Who would have thought it would be possible to make a living connecting the dots? Yet, that’s exactly what Lauren Rosen, PT, MPT, ATP, Motion Analysis Center program coordinator at St Joseph’s Children’s Hospital, Tampa, Fla, has been able to do—well, sort of.

“The computer sees the dots, but at the beginning it does not know what each dot represents, so the first couple of times the patient is doing things, I play ‘connect the dots’ and tell it what each of the dots is attached to,” Rosen says.

These dots are markers that are part of a 3D graphic program using a number of infrared cameras to record the motion of strategically placed markers on a patient performing an activity such as walking. The result is a 3D image of the person—and a myriad of information for therapists.

“The biggest thing it gives you that you can’t get visually is a transverse plane. This is the one way to see the whole picture all at once,” Rosen says. “We can see everything about what’s going on with them, so we can, with greater certainty, say what the results will be from whatever treatments are going to be recommended.”

Rosen accepts any child—and the occasional adult—for examination in her state-of-the-art motion analysis center. The 3D simulation program also provides reports of the subject’s performance compared with an able-bodied individual.

GETTING IT RIGHT

In addition to building animated models of patient movement, Rosen uses electromyography (EMG), a process in which electrodes are adhered to very specific locations on the child’s legs, such as on top of individual muscles. The system provides detailed information about which muscles are active, and when.

“It really is important information, especially in children with neurological disorders, such as cerebral palsy,” Rosen says. “You watch somebody walk, but there are certain things about their walking that you can see—and there are certain things about their walking that you can’t see.”

EMG will identify exactly which muscles are moving, helping PTs differentiate between actual problems and compensations.

“With cerebral palsy, for example, there are a few muscles that have a tendency sometimes to be overactive—one being the rectus femoris muscle,” Rosen says, explaining that surgery can relocate the muscle, causing it to function more like a hamstring. “But if the rectus femoris is not overactive and we move that muscle, then that didn’t help. It really is a big puzzle, and this lets us figure out, with some certainty, what is the problem and what is a compensation.”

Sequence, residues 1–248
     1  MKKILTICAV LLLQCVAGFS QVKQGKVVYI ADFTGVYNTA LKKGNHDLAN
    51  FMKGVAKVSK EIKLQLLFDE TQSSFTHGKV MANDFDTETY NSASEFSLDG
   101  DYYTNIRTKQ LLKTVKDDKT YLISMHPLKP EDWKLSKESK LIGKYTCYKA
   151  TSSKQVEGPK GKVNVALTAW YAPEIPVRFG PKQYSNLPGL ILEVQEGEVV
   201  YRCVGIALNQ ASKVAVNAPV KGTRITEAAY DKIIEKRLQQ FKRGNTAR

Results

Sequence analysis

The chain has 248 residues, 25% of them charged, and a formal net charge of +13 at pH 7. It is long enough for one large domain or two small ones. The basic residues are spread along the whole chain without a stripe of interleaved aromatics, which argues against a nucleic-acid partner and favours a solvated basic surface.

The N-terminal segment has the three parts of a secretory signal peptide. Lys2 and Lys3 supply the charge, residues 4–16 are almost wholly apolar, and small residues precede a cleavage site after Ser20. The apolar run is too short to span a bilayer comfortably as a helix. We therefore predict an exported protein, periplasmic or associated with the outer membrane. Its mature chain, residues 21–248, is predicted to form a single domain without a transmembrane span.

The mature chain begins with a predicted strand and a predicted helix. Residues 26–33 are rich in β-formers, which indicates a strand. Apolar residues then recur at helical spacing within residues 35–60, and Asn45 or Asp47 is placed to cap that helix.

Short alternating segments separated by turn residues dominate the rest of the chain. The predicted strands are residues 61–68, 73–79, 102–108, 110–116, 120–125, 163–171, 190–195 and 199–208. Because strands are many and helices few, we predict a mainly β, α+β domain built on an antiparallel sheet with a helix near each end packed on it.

In most cases, once the problem is resolved, the compensation will repair itself. Rosen also makes use of a pedabarograph, which looks at the forces on the bottom of the foot relative to the floor, illuminating how a patient uses their muscles when walking.

“There are times when you walk that you are supposed to be doing certain kinds of contraction,” Rosen says. “Using this combination of force plates and cameras, we are able to tell how patients are using their muscles.”

The device is somewhat sensitive, and in order to return information, only one foot can touch the mat at a time. Because of this, it is not compatible with those using assistive devices or individuals who take short or shuffling steps.

WALK THIS WAY

After putting patients through their paces, Rosen consults with the lab’s orthopedic surgeon to read the study. From this one-on-one analysis, she creates a report that includes suggestions for treatments.

“There are a lot of different recommendations that come out of what we do, one of which is surgery, but as a physical therapist, it is not within the means of my licensure to recommend surgery. If surgery is going to be recommended, there has to be a [physician] involved,” Rosen says. “We do recommend medications to control spasticity, as well as things that are more a PT’s domain, such as assistive devices: If somebody uses one, is it the right kind for them? If they don’t use one, should they?”

Other recommendations include bracing—either evaluating the effectiveness of an existing orthotic or advising on the implementation of a new one. And, of course, the use of physical therapy to improve strength and gait.

Performing her battery of technical measurements provides Rosen with an objective viewpoint that can be beneficial to patients.

“Because I don’t carry a caseload, the other real benefit is I can take a truly objective look at patients and tell the truth. I’m not saying there’s anything wrong with a therapist who becomes attached. In fact, if they didn’t lose some of their objectivity, there would be a problem,” Rosen says. “But when you are around people for a long time, you lose a sense of full objectivity; you miss things.”

HUMAN TOUCH

No matter how wired the gait lab becomes, technology will never edge out the vital human component. Rosen is often surprised at how her initial thoughts can be changed when she sees the results of the computer-generated data.

“A lot of people think that the computer does our job; they think that the computer tells us what’s wrong with somebody—and that’s not what happens,” Rosen says. She notes that the computer provides outlines of what is abnormal—if a patient should be able to bend their knee a certain amount, it tells the PT if that is not happening. “But there are a lot of different causes for why you can’t bend your knee, and that is why physical therapists are involved in all of this. In addition to doing this walking testing, we also do the regular physical therapy work: range of motion, spasticity assessments. The computer gives us the what, and we have to figure out the why.”


Dana Hinesly is a contributing writer for Rehab Management. For more information, contact .

Stepping Out on the Cutting Edge

Therapists have the advantage of 21st-century technology to provide their clients with effective gait analysis.